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Latin America
Women & Children at Risk
Title:  Report Reveals Increase in "Immigrant Slaves" in Colorado
Publisher:  (c) 2005 EFE News / EFE Ingles
Author:  Francisco Miraval
Publish Date:  2005-08-17

LibertadLatina.org note:

During the Spring of 2005, a co-worker in the software development field, from Colorado but working in Washington, DC, told me "I know where you can get a 'wife' for $2,000, and she'll be guaranteed not to leave you."

That is also what is happening in Colorado!

Chuck Goolsby,

- LibertadLatina

August 20, 2005

Denver, Aug 17 (EFE).- Colorado Legal Services is noting a worrisome increase in the number of undocumented immigrants being smuggled into the state to work as what amount to indentured laborers and servants, especially in agriculture and prostitution.

The report from the non-profit organization, which provides legal services to people of limited means, says that while 18,000 complaints on the matter were received in 2003, last year the figure was 20,000.

However, it is believed that the number of cases could be much higher since many of the victims do not know how to file a complaint, whether that's because they don't speak English well enough, don't know where to turn for help or fear retribution by their exploiters and/or deportation by U.S. authorities.

The report was presented Tuesday by CLS attorneys Kimi Jackson and Patricia Medige at a workers' rights forum organized by the Mexican, Peruvian and Guatemalan consulates in Denver to combat what they call "the modern slave trade."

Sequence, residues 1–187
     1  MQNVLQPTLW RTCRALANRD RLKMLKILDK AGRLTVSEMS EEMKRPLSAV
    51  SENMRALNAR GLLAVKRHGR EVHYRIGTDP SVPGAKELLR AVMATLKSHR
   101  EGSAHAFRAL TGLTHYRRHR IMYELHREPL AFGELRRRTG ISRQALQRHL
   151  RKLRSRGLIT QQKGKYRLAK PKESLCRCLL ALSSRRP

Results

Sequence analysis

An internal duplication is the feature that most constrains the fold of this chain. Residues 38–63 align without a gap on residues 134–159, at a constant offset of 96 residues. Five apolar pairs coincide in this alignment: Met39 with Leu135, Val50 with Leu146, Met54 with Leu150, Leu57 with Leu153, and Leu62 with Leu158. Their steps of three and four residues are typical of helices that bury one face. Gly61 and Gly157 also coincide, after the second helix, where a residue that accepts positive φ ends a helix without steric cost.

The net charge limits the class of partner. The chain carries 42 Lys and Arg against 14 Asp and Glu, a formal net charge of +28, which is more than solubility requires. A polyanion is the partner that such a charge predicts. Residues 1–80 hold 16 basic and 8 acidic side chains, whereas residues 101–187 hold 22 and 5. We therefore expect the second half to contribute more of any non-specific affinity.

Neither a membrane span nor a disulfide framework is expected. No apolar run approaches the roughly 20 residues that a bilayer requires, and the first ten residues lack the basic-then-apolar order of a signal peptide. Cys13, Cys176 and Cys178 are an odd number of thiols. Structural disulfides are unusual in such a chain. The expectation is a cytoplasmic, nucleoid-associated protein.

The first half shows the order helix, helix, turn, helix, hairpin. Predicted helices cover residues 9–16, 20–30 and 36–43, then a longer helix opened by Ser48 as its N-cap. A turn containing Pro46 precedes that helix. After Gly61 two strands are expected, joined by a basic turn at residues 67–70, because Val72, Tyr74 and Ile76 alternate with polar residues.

Jackson and Medige said that the most common type of human trafficking is bringing in women to act as prostitutes, but traffickers also force them to provide babysitting or cleaning services in individual homes, or to work in factories or hotels.

For men, the most usual jobs are manual farm labor, cleaning offices or working in restaurants or factories.

The immigrants are not always undocumented or kidnapped. Sometimes they come to the United States legally and on their own, thinking that they have been hired by a firm or a family to do legitimate work.

However, the fact that these immigrants don't know the U.S. culture and don't speak English leaves them vulnerable to exploitation, said the attorneys.

In general, the traffickers threaten to report their victims to the authorities or have them deported, but in other cases outright physical force is used to keep them working in virtual slavery.

Medige said that no official statistics exist on the number of victims of migrant trafficking schemes in Colorado, but she added that the problem is known to be growing.

Mexican consular spokesperson Eva Luz Burgos explained that in 2004, her country's foreign ministry and the U.S. Labor Department signed an accord to work for the well-being of Mexican workers in the United States without regard for their migratory status.

After a year of joint work among the Mexican consulate and several U.S. federal agencies, an increase in the number of cases of migrant exploitation coming to light in Colorado, as well as in Wyoming, has been noted.

For its part, Mexican Consul in Denver Juan Marcos Gutierrez called the situation "intolerable," adding that the best way to fight immigrant exploitation is "to act as a united Latino community."